"The fast-paced action is well staged on a set that borrows from both western and samurai traditions; Miike mixes both good old gunplay (a Gatling gun that’s housed in the original film’s iconic coffin) and martial arts swordplay, which intermingle cohesively until the last fight. Perhaps the most remarkable aspect of Miike’s western is his decision to use a Japanese cast to speak English. Supported by English subtitles, it’s a peculiar choice that at first feels like a novelty, only to fade into the film’s absorbing environment.
Sukiyaki Western Django feels very much like a genuine western, and with it Miike demonstrates his mastery of working a genre film until it becomes a creation of his very own.
On the other end of the spectrum, Will Sloan of Inside Toronto wrote:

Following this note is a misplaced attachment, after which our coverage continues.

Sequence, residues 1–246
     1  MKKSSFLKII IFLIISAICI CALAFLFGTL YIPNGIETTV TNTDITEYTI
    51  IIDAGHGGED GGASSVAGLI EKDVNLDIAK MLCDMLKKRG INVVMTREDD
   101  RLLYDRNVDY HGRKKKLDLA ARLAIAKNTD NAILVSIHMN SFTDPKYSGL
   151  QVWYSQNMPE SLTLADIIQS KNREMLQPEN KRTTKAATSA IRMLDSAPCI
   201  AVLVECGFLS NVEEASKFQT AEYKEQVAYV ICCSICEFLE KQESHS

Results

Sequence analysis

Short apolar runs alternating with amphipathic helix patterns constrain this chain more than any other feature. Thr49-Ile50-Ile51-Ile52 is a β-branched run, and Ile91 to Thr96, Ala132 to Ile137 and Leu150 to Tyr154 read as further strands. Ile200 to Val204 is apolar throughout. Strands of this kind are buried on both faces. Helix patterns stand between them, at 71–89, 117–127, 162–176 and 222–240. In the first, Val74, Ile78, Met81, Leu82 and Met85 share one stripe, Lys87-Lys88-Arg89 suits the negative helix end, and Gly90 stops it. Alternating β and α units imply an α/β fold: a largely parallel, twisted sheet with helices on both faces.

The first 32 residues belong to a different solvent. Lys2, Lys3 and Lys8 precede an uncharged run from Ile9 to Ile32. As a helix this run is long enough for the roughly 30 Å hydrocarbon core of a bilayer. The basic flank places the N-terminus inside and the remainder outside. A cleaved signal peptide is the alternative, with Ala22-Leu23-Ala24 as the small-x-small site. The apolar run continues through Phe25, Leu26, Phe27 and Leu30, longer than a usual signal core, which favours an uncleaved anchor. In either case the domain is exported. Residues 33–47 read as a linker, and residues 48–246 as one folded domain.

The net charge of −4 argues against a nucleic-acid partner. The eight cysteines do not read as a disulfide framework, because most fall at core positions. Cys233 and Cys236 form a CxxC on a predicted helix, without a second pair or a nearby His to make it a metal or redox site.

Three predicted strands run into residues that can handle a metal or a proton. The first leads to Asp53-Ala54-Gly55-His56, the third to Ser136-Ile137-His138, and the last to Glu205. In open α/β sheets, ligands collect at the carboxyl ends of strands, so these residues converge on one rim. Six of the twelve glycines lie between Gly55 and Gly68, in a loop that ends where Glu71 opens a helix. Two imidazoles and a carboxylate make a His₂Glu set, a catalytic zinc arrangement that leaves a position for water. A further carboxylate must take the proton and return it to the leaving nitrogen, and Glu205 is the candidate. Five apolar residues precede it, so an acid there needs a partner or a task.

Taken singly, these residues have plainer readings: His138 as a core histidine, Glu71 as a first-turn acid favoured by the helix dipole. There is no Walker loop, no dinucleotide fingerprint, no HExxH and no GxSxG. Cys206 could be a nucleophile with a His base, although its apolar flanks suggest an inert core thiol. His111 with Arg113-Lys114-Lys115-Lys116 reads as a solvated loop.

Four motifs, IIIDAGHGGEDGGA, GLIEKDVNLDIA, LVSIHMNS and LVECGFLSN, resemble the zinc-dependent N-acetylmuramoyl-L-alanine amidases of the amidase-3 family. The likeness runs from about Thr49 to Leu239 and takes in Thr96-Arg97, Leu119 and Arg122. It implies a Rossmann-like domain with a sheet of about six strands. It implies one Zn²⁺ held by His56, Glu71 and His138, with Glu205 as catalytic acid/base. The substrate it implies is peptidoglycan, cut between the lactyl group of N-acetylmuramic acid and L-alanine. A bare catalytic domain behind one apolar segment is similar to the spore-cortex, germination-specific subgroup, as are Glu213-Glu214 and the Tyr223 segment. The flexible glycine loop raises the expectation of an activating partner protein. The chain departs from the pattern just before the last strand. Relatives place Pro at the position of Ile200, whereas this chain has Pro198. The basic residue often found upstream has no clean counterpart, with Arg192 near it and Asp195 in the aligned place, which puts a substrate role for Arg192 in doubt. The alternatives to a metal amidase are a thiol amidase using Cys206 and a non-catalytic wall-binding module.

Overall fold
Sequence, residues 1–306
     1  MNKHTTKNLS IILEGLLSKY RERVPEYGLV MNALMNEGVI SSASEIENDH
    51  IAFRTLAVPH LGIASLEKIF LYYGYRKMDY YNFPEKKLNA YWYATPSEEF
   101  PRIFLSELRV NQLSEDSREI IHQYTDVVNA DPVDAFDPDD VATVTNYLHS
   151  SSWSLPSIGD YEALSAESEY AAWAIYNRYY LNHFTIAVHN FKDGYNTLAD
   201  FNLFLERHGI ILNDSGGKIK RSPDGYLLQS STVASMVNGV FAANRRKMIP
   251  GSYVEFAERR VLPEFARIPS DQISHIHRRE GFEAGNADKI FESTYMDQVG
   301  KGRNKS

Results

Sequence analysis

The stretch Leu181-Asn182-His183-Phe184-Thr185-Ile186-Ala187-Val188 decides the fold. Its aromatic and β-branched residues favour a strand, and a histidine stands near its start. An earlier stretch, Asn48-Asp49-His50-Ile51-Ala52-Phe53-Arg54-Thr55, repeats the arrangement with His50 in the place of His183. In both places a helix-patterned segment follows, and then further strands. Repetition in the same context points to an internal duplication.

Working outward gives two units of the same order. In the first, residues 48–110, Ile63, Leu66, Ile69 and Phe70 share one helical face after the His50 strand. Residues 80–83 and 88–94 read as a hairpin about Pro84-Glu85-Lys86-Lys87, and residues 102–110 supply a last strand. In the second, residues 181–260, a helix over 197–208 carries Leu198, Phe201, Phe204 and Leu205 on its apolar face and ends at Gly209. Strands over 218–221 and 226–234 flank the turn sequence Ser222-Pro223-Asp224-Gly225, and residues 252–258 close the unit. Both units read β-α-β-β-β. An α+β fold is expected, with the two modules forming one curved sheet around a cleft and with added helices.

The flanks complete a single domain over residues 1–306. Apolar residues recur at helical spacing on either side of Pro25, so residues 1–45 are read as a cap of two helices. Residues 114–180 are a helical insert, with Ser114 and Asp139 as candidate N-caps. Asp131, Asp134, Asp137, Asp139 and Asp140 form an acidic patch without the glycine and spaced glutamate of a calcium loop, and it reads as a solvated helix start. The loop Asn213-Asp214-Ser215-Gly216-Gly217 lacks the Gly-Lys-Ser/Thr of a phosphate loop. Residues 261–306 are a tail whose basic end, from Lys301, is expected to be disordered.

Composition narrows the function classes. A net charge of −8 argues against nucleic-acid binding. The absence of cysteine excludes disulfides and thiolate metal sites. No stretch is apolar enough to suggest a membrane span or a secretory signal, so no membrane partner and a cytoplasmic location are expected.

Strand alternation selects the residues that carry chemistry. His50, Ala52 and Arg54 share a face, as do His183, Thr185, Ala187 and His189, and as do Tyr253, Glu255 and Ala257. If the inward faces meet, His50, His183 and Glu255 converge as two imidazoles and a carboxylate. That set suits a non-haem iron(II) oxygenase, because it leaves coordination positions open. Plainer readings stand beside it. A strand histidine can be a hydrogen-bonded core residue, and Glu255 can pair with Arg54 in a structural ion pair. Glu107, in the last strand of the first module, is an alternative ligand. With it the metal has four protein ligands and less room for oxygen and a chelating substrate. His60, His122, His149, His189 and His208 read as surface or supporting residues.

"This is a crazy, fast-paced spectacle of a movie, with some stunning action scenes and gorgeously colourful production design. The problem is, it’s an empty spectacle. Miike pays homage to the spaghetti westerns of Sergio Leone and Sergio Corbucci, but forgets that those directors genuinely loved the kitschy pop culture they emulated instead of regarding it with smug superiority. Kill Bill was a comic book, yes, but Tarantino allowed his actors room to create characters the audience could care about, while Miike, by having his cast speak awkward English, is perversely trying to keep their characters two-dimensional and keep the audience distant...Ultimately, Sukiyaki Western Django is an exhausting experience. This is not a film you become involved in – it isn’t funny or engaging. Rather, it’s one that you’re supposed to watch with a cool, hip sense of ironic detachment, sitting in the audience and saying to yourself, “Aren’t I cool for laughing at this?” How could anyone enjoy such a self-conscious time at the movies?